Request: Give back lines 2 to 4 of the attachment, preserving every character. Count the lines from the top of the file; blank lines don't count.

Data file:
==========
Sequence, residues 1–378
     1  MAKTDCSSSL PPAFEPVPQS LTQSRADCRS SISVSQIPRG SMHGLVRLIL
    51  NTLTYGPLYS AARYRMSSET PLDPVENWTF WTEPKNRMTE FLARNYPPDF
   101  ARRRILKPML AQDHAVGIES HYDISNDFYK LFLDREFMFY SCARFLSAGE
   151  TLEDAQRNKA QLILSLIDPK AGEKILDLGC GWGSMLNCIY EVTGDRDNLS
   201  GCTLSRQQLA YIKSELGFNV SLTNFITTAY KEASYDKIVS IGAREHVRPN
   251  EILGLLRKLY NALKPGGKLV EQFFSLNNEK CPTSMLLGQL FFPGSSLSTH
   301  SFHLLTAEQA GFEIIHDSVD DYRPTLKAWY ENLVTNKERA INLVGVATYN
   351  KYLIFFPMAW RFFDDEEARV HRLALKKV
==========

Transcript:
     1  MAKTDCSSSL PPAFEPVPQS LTQSRADCRS SISVSQIPRG SMHGLVRLIL
    51  NTLTYGPLYS AARYRMSSET PLDPVENWTF WTEPKNRMTE FLARNYPPDF
   101  ARRRILKPML AQDHAVGIES HYDISNDFYK LFLDREFMFY SCARFLSAGE